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Danielle Smith makes a comment during the United Conservative Party of Alberta leadership candidates' debate in Medicine Hat, Alta., on July 27.Jeff McIntosh/The Canadian Press

We Canadians like to think of ourselves as law-abiding people. We obey the laws of the land and defer to the courts that enforce them. We respect our Constitution and embrace its Charter of Rights and Freedoms. We worship at the shrine of that holy trinity: peace, order and good government.

We are so enthralled with this image of ourselves that we tend to take the rule of law for granted, even at times when it is under threat. Now is one of those times. In the past couple of years, a new generation of political leaders has begun chipping away at the foundations of our law-based constitutional system.

Let’s look at a few of those threats, moving from east to west on the map. The first comes from Quebec. Its Premier, François Legault, is up for re-election this fall and running on his promise to protect the French language and culture with two contentious bills.

Bill 21 forbids many government workers from wearing religious symbols while on the job. Bill 96 restricts the use of English in the civil service, extends French-language requirements to smaller companies and gives language inspectors extraordinary powers of search and seizure. To shield these dubious laws from the scrutiny of the courts – a fundamental check on government power in any democratic system – Quebec has pre-emptively employed the notwithstanding clause of the Constitution, the – until now – rarely used get-out-of-jail-free card that lets governments ignore constitutional protections for things such as freedom of religious practice. Mr. Legault has even taken the audacious step of amending a part of the Constitution to confirm Quebec’s status as a “nation” whose principal language is French.

Par for the course, you might say. It’s Quebec. But look just next door to Ontario, once a staunch defender of the constitutional order. Almost as soon as he took office, Premier Doug Ford, who shares Mr. Legault’s populist bent, threatened to invoke the notwithstanding clause to defend an arbitrary law cutting the size of Toronto City Council. When a judge dared to block the law, Mr. Ford called it “scary” and “disturbing.” After all, “he’s the judge, I’m the Premier.”

Mr. Ford was at it again last year when he used the notwithstanding clause to force through campaign-finance legislation after another judicial ruling he didn’t like.

Now turn to Alberta. Danielle Smith, a leading contender to replace Premier Jason Kenney as head of the United Conservative Party, says one of her first acts as premier would be to introduce something called the Alberta Sovereignty Act. Its aim is to solve what she calls the “Ottawa Problem” – the federal government’s “continuous economic and constitutional attacks” against her province.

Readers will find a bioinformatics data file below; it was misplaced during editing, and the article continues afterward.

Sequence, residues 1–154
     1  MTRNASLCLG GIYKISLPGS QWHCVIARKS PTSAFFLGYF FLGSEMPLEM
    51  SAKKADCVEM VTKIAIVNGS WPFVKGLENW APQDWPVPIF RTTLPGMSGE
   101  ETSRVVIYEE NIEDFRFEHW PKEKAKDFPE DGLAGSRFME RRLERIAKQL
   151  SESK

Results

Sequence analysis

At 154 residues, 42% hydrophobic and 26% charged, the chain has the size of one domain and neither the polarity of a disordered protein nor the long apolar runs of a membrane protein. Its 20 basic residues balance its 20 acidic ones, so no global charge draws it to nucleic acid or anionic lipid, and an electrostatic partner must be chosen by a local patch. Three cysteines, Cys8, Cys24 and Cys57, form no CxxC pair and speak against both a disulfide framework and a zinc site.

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Rather than argue endlessly with Ottawa or challenge its tyrannical edicts through the courts, Alberta would simply stop enforcing any federal policy or law that violated its “jurisdictional rights.” Brilliant. It’s amazing someone hasn’t thought of it before.

Even Quebec has not gone as far as to say it will just ignore any law it disapproves of. But this isn’t separatism, Ms. Smith insisted in a recent news release. It is just Alberta “effectively governing itself as a Nation within a Nation.” Oh, is that all?

Ms. Smith is offended that so many in the “woke media” and political establishment have taken aim at her modest proposal. She laments that some “have resorted to lashing out at the idea as entirely ‘nuts’ or ‘unconstitutional.’ ”

She can drop the quotation marks. Even Mr. Kenney, hardly a friend of Ottawa, has called it a “cockamamie” idea, perhaps unprecedented in the history of the British parliamentary system. If Alberta has any hope of attracting investors, he said this week, it must continue to be seen as a place that respects the rule of law and the authority of the courts, “not one that thumbs its nose, banana republic-style, at those foundational principles.”

The trouble is that, in the current atmosphere, Ms. Smith’s proposal no longer seems like such a leap. The notwithstanding clause, once seen as the “nuclear option,” is becoming as common as field artillery. Quebec is amending the Constitution all on its own. Ontario’s Premier is overruling impertinent judges.

We law-abiding Canadians don’t seem very upset about it. We ought to be. As a great Canadian once said, you don’t know what you’ve got till it’s gone.